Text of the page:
Summer Hikes – 2018

This summer was a bit of a blur so instead of proper write-ups of each worthy hike, they’ll all just get a quick recap.

Thompson Lake Fail (May 12)

Take 2 on my attempt to make a loop out of Thompson Lake and the Pratt River trail. This time I onto the traverse past Thompson lake under Putrid Pete’s Peak before turning back because the going was too slow and I didn’t feel safe. The clinometer showed a 45+ degree slope, there was a lot of post holing, no trail, and no GPS. In the Thompson Lake basin, the snow was ~5ft deep but it was cut through all the way through where the little streams which you’d barely notice in the summer ran. Just finding my way down to Thompson lake was fun as the trail seems to be maintained mostly through use and so it wasn’t always clear where it was though the destination was never in question. At least this was a fun fail.

Pictures

 

Pratt River Trail (May 19-20)

This was an out-and back scouting trip. Last year, a ranger who hitched me off Steven’s Pass said he’d hiked this and flagged it for potential restoration. The trail follows an old, straight forest road which is nice in that it’s usually flat but sufficiently overgrown. The state of disrepair varies from slightly mossy to a few sketchy footlogs where things have been washed out.

It started raining as I headed out in the after noon and after a proper downpour, things dried up until sundown. I abandoned my interest in trying to cross Pratt River early and see if I could make it up to Spider lake. I was able to identify the correct valley with map, compass, and “staying found” (taking a class paid off) but lost my appetite for what would have been a at least a waist deep crossing in a fast current. However, I discovered that there used to be a ramp down to the river at about where I’d intended to cross and so wonder what the history is there. Maybe the used to float logs down the Pratt River?

I spent the night in a hammock gifted me by my Senior year of College roommate. I’d only used it once before and gotten too cold. This time I brought a mat and it kinda worked. It took some work to set up but was quite a comfortable cocoon until the prolonged “banana bend” (even though it’s an asym design) began to wear on me. Also got to play with the cat can stove which worked quite well.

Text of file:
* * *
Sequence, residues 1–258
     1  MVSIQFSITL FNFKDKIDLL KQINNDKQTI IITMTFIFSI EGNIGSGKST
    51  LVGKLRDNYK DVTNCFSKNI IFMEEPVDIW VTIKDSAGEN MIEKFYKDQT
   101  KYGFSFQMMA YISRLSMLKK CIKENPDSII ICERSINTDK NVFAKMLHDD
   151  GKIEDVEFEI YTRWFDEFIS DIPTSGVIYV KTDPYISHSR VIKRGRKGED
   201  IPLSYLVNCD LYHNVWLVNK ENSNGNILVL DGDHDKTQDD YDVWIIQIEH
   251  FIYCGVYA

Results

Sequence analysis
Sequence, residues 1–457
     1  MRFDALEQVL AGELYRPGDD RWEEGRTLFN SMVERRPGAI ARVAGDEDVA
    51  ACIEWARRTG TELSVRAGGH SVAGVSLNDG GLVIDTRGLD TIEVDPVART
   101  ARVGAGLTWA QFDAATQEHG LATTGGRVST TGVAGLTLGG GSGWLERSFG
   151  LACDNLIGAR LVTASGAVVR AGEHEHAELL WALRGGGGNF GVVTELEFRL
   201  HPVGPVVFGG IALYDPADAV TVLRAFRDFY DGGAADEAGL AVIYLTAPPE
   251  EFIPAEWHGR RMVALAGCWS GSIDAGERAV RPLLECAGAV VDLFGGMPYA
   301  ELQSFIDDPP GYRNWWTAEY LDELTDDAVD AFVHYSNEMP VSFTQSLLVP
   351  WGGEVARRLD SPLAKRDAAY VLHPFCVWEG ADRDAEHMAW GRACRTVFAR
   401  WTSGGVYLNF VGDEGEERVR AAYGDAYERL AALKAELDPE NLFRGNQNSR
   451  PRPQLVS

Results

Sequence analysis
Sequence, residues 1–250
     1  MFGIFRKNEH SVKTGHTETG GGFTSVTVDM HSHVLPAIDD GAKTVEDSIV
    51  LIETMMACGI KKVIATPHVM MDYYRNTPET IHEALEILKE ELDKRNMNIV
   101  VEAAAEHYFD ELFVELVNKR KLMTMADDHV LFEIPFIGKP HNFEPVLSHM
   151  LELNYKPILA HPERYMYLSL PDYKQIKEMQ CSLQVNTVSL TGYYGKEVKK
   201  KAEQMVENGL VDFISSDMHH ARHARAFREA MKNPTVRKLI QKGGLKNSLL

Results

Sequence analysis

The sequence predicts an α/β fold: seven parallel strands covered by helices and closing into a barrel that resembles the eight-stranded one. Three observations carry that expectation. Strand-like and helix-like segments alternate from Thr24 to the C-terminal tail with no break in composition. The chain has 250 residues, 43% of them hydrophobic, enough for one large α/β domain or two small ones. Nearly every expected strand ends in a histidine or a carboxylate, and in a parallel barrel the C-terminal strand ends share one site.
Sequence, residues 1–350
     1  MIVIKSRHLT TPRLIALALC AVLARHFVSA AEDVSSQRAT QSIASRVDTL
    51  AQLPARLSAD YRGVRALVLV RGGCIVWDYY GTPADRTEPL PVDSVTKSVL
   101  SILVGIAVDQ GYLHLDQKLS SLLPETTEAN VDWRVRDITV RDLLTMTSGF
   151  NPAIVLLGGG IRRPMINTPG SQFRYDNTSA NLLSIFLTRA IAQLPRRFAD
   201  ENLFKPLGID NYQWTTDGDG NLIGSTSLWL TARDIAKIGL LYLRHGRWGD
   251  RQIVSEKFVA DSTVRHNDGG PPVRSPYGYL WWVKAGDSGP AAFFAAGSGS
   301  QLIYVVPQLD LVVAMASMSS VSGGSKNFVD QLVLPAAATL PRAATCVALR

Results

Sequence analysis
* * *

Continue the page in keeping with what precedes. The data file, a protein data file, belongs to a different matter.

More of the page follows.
Pictures

 

Ross Lake East Bank Trail (May 26-27)

The East Bank trail is long and pretty flat and made a chance to stretch my legs (~24 miles day 1, ~36 day 2) and see if the post-surgery knee would hold up. It did and so I got to tag Canada. I woke up on on day 2 and despite having overslept and despite feeling it prudent to turn back, decided to go to Canada anyways and deal with the fallout later. Seeing the border again made me really happy.

It turns out you can just drive into the US from Canada without any sort of border security which surprised me. This wasn’t a particularly notable trip from a nature viewing perspective and so I listened to two books by people who you might term cultural ambassadors. The whole things had an oddly disembodied political – social – emotional feel which is different from most of my hikes where I don’t listen to audio books.

Pictures

 

Thompson Lake through Pratt River Loop (June 23-24)

I’d taken two attempts at this route earlier this year and finally it free enough of snow to make it through. This trip was a fantastic blend of conditions: cool uphill through the forest, long traverse across a steep mountain side with just enough snow to be interesting but not enough be dangerous, mist making things mysterious, just a dash of route finding, easy miles with pretty lakes, discovering that the Pratt Lake trail is in great condition besides being abandoned (not to be confused with Pratt River trail to which it connects), and an ahead-of-schedule finish with a road walk down the Middle Fork of the Snoqualmie River.

I want to try this again next year but packraft the road walk.

Pictures

 

Desolation Double Fail (July 6-7)